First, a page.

Systematic review of the clinical spectrum of CASPR2 antibody syndrome.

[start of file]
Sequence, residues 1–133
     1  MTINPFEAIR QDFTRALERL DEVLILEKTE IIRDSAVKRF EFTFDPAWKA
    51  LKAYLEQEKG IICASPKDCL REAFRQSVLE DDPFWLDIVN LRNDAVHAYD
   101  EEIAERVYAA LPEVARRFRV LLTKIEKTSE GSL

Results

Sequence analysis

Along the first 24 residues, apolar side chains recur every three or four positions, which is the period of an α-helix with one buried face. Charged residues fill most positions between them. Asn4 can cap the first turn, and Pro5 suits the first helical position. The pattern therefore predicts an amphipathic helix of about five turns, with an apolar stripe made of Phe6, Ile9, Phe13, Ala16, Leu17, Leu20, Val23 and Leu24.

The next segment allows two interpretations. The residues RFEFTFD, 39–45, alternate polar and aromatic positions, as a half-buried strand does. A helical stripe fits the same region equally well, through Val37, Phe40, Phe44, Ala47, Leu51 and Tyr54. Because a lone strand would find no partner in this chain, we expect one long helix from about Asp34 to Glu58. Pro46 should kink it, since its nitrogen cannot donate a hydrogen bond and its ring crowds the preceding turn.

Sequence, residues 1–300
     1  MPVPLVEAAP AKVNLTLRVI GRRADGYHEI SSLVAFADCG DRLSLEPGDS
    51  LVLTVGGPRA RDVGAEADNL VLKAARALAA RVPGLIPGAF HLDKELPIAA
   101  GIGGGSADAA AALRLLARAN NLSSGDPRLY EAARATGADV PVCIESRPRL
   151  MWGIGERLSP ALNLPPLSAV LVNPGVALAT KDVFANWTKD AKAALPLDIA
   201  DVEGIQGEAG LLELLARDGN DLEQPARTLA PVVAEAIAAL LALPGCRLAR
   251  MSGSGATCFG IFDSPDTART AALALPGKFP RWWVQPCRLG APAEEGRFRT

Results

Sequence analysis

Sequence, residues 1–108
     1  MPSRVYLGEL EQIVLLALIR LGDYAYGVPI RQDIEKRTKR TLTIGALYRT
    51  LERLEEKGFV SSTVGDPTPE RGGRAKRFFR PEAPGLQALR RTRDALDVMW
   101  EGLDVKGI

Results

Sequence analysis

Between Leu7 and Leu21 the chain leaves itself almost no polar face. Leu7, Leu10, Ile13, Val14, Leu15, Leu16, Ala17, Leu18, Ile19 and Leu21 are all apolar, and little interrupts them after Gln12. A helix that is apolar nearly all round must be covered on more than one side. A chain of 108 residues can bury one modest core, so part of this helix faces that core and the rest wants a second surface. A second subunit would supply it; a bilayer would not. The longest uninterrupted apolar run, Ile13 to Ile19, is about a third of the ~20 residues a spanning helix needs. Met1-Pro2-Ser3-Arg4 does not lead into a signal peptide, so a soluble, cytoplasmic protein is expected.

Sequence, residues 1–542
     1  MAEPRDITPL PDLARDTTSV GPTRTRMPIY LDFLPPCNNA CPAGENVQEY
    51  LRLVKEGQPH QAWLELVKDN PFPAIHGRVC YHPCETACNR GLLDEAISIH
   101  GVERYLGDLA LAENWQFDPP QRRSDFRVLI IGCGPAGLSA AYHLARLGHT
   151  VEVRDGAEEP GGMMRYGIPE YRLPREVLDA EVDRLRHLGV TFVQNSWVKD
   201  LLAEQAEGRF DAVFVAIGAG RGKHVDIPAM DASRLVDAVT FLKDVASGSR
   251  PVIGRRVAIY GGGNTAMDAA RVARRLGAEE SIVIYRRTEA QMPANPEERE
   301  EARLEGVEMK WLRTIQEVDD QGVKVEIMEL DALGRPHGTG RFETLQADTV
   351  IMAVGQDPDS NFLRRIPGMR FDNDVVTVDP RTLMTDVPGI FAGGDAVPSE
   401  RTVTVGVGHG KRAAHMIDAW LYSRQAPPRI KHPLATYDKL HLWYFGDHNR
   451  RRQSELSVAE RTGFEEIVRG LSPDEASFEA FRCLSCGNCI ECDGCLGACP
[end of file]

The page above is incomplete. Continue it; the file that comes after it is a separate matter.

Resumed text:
Contactin-associated protein-like 2 (CASPR2) autoantibody disease has a variable clinical phenotype. We present a case report and performed a systematic review of the literature to summarize: (1) the clinical phenotype of patients with CASPR2 antibodies, (2) the findings in neurological investigations, and (3) the associated neuroimaging findings.A chart review was performed for the case report. A systematic review of the medical literature was performed from first available to June 13, 2018. Abstracts were screened, and full-text peer-reviewed publications for novel patients with CASPR2 positivity in serum or cerebrospinal fluid (CSF) were included. Selected publications were reviewed, and relevant information was collated. Data were analyzed to determine overall frequency for demographic information, clinical presentations, and investigation findings.Our patient was a previously healthy 61-year-old male with both serum and CSF CASPR2 antibodies who presented with limbic encephalitis and refractory epilepsy. He was successfully treated with immunosuppression. For our systematic review, we identified 667 patients from 106 studies. Sixty-nine percent were male. Median age was 54 years (IQR 39-65.5). Median disease duration was 12 months (IQR 5.6-20). Reported overall clinical syndromes were: autoimmune encephalitis [69/134 (51.5%)], limbic encephalitis [106/274 (38.7%)], peripheral nerve hyperexcitability [72/191 (37.7%)], Morvan syndrome [57/251 (22.7%)], and cerebellar syndrome [24/163 (14.7%)]. Patients had positive serum [642/642 (100%)] and CSF [87/173 (50.3%)] CASPR2 antibodies. MRI was reported as abnormal in 159/299 patients (53.1%), and the most common abnormalities were encephalitis or T2 hyperintensities in the medial temporal lobes, or hippocampal atrophy, mesial temporal sclerosis, or hippocampal sclerosis. FDG-PET was abnormal in 30/35 patients (85.7%), and the most common abnormality was temporomesial hypometabolism. The most commonly associated condition was myasthenia gravis (38 cases). Thymoma occurred in 76/348 patients (21.8%). Non-thymoma malignancies were uncommon [42/397 (10.6%)].Most patients have autoimmune or limbic encephalitis and corresponding abnormalities on neuroimaging. Other presentations include peripheral nerve hyperexcitability or Morvan syndromes, cerebellar syndromes, behavioral and cognitive changes, and more rarely movement disorders. The most commonly associated malignancy was thymoma and suggests a role for thymoma screening in CASPR2-related diseases.